Historically, the IPCC has been organized into three working groups, a variety of task forces or special committees, and a small secretariat in Geneva. The topics assigned to the working groups have evolved somewhat over time. For the AR4, Working Group I has been charged with summarizing the physical science basis of climate change. Working Group II has been charged with addressing the vulnerability of human and natural systems to climate change (i.e., the negative and positive consequences of global warming) and options for adapting to the changes. Working Group III has been charged with assessing options for limiting heat-trapping emissions and other means of slowing the warming trend, as well as related economic issues. A separate Task Force on National Greenhouse Gas Inventories is overseeing the compilation of global warming emissions by country.

Each of these working groups has two co-chairs—one from a developed country and one from a developing country. An additional set of governmental representatives (frequently scientists) have been nominated by their countries to serve on the bureau of each working group. Together, the two co-chairs and the bureau members function as an executive committee, while the team of scientists drafting individual chapters of each working group’s assessment is sometimes referred to as the scientific core. Coordinating the efforts of each working group is a small technical support unit (TSU) that provides both technical and administrative support to the bureau and the scientific core.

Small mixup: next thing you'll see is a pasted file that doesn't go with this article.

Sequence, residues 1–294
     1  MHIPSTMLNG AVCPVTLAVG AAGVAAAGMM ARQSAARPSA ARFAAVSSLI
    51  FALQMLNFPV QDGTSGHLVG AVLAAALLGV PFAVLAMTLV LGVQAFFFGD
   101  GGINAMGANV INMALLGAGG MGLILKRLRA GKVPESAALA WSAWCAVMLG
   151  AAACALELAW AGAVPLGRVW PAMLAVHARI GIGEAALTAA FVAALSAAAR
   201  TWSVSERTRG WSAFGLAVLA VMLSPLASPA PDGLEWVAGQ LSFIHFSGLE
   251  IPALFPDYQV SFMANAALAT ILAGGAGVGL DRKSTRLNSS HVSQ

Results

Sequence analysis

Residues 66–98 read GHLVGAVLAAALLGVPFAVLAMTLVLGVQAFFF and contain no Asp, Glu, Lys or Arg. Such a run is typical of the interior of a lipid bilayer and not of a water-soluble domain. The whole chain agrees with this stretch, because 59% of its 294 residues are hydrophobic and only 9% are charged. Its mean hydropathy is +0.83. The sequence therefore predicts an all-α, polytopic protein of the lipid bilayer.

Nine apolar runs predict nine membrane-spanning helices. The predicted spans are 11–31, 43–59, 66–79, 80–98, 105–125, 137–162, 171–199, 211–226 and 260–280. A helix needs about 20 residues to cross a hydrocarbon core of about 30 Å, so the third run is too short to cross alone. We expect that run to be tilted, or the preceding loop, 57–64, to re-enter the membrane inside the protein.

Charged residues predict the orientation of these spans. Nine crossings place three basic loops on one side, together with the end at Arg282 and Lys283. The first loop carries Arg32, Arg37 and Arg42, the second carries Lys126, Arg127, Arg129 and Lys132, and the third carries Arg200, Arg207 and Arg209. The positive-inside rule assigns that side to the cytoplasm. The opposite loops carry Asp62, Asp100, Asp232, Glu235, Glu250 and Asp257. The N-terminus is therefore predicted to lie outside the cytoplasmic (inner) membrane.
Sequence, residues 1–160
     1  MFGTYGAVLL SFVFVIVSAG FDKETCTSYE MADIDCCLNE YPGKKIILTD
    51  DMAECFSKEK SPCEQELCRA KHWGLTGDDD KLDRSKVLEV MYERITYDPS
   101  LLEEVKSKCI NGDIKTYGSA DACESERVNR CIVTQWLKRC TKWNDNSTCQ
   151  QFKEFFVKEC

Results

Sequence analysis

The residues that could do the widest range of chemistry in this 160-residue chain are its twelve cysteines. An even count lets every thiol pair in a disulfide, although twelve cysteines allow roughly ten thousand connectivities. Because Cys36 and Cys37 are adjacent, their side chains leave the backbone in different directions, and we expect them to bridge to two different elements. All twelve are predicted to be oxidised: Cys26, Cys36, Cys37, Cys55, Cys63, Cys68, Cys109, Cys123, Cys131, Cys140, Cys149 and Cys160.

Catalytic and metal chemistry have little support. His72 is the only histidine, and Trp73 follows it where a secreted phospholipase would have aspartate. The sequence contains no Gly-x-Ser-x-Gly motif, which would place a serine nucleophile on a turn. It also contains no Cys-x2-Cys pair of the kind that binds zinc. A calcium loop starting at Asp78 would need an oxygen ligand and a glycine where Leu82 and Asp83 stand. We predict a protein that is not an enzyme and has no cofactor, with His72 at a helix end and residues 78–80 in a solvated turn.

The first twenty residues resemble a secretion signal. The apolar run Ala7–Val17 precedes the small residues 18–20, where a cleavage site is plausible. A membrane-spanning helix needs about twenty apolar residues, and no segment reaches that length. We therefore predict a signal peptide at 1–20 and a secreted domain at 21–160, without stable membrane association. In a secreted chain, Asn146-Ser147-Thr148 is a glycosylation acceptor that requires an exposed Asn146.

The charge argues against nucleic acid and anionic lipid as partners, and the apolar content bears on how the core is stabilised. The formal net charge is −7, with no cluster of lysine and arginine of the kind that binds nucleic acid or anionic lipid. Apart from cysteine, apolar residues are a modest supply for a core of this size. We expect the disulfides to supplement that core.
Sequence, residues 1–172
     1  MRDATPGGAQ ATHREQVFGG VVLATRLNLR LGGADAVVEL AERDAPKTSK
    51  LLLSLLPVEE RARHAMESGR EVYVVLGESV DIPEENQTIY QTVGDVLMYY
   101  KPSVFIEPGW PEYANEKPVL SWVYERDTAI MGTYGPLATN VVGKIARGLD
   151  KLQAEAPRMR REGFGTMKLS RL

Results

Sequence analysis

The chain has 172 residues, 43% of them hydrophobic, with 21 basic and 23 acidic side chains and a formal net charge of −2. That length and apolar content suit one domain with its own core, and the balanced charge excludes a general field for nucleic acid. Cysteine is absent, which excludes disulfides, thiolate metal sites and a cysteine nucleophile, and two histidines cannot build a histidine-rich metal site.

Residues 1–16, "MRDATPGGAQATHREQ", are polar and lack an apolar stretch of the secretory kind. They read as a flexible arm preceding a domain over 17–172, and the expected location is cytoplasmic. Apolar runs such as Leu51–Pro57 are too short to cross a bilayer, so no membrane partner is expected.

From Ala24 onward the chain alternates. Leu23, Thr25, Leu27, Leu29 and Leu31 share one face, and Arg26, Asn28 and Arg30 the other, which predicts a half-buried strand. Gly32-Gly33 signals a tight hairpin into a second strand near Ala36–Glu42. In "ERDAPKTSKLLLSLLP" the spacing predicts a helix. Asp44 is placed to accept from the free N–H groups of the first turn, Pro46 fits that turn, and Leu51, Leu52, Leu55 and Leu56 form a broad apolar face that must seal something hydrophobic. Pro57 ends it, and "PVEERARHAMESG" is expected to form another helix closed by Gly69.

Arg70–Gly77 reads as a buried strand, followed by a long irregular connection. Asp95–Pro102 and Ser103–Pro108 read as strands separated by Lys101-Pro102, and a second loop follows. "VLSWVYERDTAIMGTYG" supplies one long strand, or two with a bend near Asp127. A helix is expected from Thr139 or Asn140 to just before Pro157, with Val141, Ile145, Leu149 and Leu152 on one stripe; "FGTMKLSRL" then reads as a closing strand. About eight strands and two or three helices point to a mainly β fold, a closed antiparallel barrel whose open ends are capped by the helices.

AR4 Products

Each working group is charged with publishing an in-depth technical report, a technical summary, and a short summary for policymakers (SPM). In addition, the major findings and conclusions from all three reports provide the basis for a final “synthesis report.”

Each working group holds a plenary session (i.e., a meeting of the group’s full membership) to resolve final questions about its assessment and reach final approval of every word in its SPM. The entire IPCC will meet in May 2007 to approve the contributions of the three working groups, and again in November 2007 to approve the synthesis report. The resulting documents will be made public at the conclusion of each of these meetings.